2.1 What are the physical fundamentals of IR gas analysis?
The molecular vibrations of many chemical compounds can be excited by energies that lie in the infrared wavelength range. Therefore, these substances absorb infrared radiation. The absorption spectrum depends mainly on the structure of the molecule and thus the degrees of freedom for the movement of the molecular components, their mass, their compositions, their spacing and their binding forces. Therefore, each substance has a characteristic absorption spectrum. For example, in carbon dioxide molecules can be excited bending and stretching vibrations. Additionally rotational movements around different molecular axes are possible, which superpose the vibrational spectrum and generate their fine structures.
2.2 How does a gas analyzer with an infrared spectrometer (IR spectrometer) work?
An IR spectrometer measures the absorption spectrums of gases. The comparison with the spectrums that are stored in a database allows a qualitative and quantitative reference for the substance.
2.3 How does non-dispersive infrared gas analysis (NDIR gas analysis) work?
For this form of gas analysis, the spectral sensitivity of a broadband thermal detector is limited by an optical bandpass filter. This is done for the range in which the absorption bands are found for the gas to be determined. With the thermal detector, the transmission of the measured gas mixture is determined in a defined arrangement. If the gas being searched for is not present, most of the infrared radiation will reach the detector and the signal will be at its maximum. If the concentration of the gas increases, absorption will also increase according to Lambert-Beer's law, and the signal will reduce accordingly.
2.4 What advantage does the non-dispersive infrared gas analysis (NDIR gas analysis) have?
Compared to infrared spectrometers, the NDIR gas analysis is significantly cheaper. However, their use is only possible if the gases to be measured are known, and their number is low.
2.5 Which gases are not suitable for analysis with non-dispersive infrared gas analysis (NDIR gas analysis)?
Noble gases consist only of individual atoms. In order to vibrate, however, at least one bond is required. Noble gases can therefore not be detected with this method. In diatomic elemental gases such as oxygen (O2) or nitrogen (N2), only a few vibrational modes can be excited by infrared radiation, so that even here the method fails.
2.6 What are the main components of an NDIR gas analyzer?
An NDIR gas analyzer consists of an electrically or mechanically modulated infrared source, a gas cell and usually a pyroelectric detector. An electronic device calculates the gas concentration based on signal voltage. InfraTec offers a large number of standard IR narrow bandpass filters (NBP), which are optimally matched to the absorption properties of the gases to be measured. The filters are mounted in the cap of the detector, which is welded to the detector base body. With multiple gases to be measured, the use of multi-channel detectors is recommended.
2.7 Are there advantages of having an absorption-free reference channel for non-dispersive infrared gas analysis (NDIR gas analysis)?
Yes, for NDIR gas analyzers, it is advisable to use a reference channel and normalize the signal of the gas duct via the quotient process on this reference. The optical, mechanical and electronic drift of the overall system is reduced considerably, and the interval between calibrations can be significantly extended. The spectral position of the optical reference should be located as close as possible to the spectral lines of the gases to be measured. A reference channel can be shared for multiple gases, if all absorption bands lie within a spectral window from 3 to 5 µm or from 8 to 12 µm. Without an optical reference channel, a reference can still be done by periodically introducing a reference gas into the channel, such as nitrogen.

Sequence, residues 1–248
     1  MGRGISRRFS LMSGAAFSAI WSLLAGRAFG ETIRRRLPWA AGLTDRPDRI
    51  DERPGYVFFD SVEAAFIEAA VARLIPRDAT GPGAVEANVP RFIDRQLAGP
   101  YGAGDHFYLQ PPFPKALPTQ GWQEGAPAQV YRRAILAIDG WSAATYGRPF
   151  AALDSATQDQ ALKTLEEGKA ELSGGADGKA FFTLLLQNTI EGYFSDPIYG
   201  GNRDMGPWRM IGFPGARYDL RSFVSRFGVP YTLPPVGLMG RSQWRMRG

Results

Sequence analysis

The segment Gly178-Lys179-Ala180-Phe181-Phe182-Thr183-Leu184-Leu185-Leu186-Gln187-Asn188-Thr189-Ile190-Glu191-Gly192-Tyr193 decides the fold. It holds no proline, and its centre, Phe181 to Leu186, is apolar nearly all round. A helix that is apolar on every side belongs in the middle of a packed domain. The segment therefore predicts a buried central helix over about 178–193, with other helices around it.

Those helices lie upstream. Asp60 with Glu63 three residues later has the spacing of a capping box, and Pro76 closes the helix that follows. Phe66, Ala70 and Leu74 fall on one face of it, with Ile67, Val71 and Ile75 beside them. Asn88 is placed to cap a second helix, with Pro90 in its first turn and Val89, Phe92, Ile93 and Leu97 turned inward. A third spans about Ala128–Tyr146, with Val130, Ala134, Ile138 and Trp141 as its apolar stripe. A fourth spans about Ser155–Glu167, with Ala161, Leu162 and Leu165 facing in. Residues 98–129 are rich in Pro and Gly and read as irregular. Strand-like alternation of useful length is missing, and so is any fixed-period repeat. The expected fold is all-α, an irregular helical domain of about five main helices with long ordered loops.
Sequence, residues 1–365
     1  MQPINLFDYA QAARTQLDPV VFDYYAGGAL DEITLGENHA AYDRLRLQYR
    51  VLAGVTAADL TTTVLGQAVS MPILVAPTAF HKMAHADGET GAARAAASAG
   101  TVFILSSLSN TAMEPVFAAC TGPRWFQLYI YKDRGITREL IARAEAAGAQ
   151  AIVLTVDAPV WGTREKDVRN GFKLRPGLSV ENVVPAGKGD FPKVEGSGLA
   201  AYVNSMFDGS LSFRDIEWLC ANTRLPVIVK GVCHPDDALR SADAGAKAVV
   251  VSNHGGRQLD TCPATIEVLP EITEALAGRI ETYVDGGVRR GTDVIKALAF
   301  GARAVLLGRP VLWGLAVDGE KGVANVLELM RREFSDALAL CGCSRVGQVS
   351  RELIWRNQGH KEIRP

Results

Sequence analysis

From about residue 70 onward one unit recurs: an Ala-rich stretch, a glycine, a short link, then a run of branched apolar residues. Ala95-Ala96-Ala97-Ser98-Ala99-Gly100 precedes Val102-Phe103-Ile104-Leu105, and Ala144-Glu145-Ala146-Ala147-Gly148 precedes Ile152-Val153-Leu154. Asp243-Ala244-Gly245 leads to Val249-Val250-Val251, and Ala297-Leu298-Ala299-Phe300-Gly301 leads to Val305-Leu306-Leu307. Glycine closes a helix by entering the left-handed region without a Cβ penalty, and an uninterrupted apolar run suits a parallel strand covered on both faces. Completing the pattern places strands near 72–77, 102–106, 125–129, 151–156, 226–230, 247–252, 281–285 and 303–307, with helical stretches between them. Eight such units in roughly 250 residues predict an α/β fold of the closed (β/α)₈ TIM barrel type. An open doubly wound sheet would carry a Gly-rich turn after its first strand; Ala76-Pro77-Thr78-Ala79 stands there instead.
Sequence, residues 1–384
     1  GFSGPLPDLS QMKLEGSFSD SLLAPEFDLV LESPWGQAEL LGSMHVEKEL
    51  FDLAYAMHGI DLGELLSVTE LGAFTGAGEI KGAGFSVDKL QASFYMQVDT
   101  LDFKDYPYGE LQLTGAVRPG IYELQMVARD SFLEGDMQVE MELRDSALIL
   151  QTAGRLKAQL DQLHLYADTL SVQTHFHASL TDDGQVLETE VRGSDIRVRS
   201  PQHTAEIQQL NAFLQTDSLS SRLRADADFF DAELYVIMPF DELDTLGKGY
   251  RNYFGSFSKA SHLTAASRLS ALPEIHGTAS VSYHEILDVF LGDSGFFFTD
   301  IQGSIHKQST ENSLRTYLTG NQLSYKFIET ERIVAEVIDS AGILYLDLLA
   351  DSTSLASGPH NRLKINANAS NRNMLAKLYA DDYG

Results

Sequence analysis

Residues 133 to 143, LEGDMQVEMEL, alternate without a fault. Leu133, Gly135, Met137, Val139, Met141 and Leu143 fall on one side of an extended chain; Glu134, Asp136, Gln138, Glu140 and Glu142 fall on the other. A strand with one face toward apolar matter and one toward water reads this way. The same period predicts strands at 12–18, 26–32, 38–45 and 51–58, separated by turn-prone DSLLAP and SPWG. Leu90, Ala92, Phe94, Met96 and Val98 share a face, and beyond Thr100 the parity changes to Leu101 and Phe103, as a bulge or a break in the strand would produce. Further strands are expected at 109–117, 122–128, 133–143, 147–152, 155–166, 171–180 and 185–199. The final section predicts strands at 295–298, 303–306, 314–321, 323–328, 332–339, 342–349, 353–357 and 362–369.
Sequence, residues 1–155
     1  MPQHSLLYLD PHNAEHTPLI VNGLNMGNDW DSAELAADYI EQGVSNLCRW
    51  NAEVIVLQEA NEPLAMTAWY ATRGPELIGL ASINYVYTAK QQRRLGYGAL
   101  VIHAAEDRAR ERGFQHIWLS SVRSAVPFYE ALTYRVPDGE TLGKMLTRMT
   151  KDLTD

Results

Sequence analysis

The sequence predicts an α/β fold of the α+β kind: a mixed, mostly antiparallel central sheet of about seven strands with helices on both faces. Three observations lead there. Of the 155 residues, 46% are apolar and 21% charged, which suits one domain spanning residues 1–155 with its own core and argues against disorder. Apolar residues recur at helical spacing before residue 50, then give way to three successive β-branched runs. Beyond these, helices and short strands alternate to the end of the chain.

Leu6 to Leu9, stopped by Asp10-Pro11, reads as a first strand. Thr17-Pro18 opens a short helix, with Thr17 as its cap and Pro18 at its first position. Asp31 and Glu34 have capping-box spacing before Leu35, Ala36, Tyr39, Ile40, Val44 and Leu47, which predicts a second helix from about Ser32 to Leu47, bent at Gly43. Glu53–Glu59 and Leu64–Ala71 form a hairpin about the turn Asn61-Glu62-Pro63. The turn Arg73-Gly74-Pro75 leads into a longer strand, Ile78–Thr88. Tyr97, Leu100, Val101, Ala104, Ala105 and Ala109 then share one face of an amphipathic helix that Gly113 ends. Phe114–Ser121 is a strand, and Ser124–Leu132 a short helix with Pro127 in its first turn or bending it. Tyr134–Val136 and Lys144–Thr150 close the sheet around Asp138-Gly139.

2.8 How does an infrared flame sensor work?
The pyroelectric detector of the flame sensor detects the typical spectral radiance of burning organic materials such as wood, natural gas, oil or plastic. In order to prevent a false alarm due to sunlight or other intense light sources, such as light from arc welding, two independent criteria of a flame are analyzed: First a typical flame is characterized by a flicker frequency of 1 to 5 Hz. Secondly, a hydrocarbon flame contains the combustion gases carbon monoxide (CO) and carbon dioxide (CO2). Their emission bands lie in the infrared spectral range of 4.0 to 4.8 µm. In order to obtain a high signal, one uses wide bandpass filters for the detector window, which include both the radiation emission of CO and of CO2. Optionally, a further channel can be used to recognize a further combustion by product, water.
2.9 Can pyroelectric standard detectors by InfraTec detect a flame distance up to 100 m reliably even without additional optics?
Yes, especially InfraTec’s pyroelectric detectors in current mode with a chip size of (2 x 2) mm2 or (3 x 3) mm2 have a high signal-to-noise ratio and a very small popcorn noise. This allows for reliable detection.
2.10 Can pyroelectric detectors be used without integrated reinforcing elements in gas analyzers and flame sensors?
The charges generated in the pyroelectric crystal are very low, requiring a preamplifier with extremely high input impedances of up to some 10 GΩ. Even at normal humidity of about 60 % at an ambient temperature of 22 °C, such preamplifier circuits no longer work without interference. Therefore, it must be inside the sealed detector housing. Due to the necessary reinforcement, detectors without integrated junction field effect transistors (JFET) or operational amplifier (OpAmp) are hardly suitable for gas analysis or flame sensors.